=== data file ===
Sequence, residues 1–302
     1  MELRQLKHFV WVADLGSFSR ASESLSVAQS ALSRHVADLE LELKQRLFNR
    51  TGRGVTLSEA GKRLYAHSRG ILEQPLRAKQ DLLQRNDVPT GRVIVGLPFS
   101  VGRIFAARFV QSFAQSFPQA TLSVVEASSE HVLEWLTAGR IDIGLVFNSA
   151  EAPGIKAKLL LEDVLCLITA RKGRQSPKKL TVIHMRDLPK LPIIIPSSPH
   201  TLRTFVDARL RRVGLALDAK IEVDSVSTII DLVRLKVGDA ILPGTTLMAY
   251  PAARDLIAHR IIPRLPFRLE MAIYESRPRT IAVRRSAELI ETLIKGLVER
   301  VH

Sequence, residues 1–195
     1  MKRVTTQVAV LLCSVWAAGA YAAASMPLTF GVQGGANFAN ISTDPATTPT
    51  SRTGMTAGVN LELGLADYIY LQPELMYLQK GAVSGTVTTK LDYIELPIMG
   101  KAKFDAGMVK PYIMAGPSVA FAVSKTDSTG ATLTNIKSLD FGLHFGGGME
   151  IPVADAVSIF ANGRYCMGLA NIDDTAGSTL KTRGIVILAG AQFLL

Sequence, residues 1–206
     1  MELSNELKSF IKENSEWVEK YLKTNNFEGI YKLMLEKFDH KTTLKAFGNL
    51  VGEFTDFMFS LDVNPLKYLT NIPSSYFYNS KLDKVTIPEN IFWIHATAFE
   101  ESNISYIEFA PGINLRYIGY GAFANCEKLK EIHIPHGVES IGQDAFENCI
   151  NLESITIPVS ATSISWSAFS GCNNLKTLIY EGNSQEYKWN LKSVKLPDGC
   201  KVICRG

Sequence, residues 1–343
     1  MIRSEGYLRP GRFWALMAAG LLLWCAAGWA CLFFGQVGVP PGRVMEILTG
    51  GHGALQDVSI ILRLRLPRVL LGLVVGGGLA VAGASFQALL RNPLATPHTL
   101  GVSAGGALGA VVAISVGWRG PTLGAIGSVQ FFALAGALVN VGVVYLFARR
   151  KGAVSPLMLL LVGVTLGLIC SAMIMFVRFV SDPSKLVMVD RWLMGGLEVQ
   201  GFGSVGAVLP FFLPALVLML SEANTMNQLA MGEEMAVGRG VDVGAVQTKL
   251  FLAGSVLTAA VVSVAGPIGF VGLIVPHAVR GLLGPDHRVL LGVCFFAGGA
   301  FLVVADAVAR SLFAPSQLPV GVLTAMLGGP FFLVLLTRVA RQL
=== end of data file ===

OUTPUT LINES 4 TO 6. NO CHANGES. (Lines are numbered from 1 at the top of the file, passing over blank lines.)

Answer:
   101  VGRIFAARFV QSFAQSFPQA TLSVVEASSE HVLEWLTAGR IDIGLVFNSA
   151  EAPGIKAKLL LEDVLCLITA RKGRQSPKKL TVIHMRDLPK LPIIIPSSPH
   201  TLRTFVDARL RRVGLALDAK IEVDSVSTII DLVRLKVGDA ILPGTTLMAY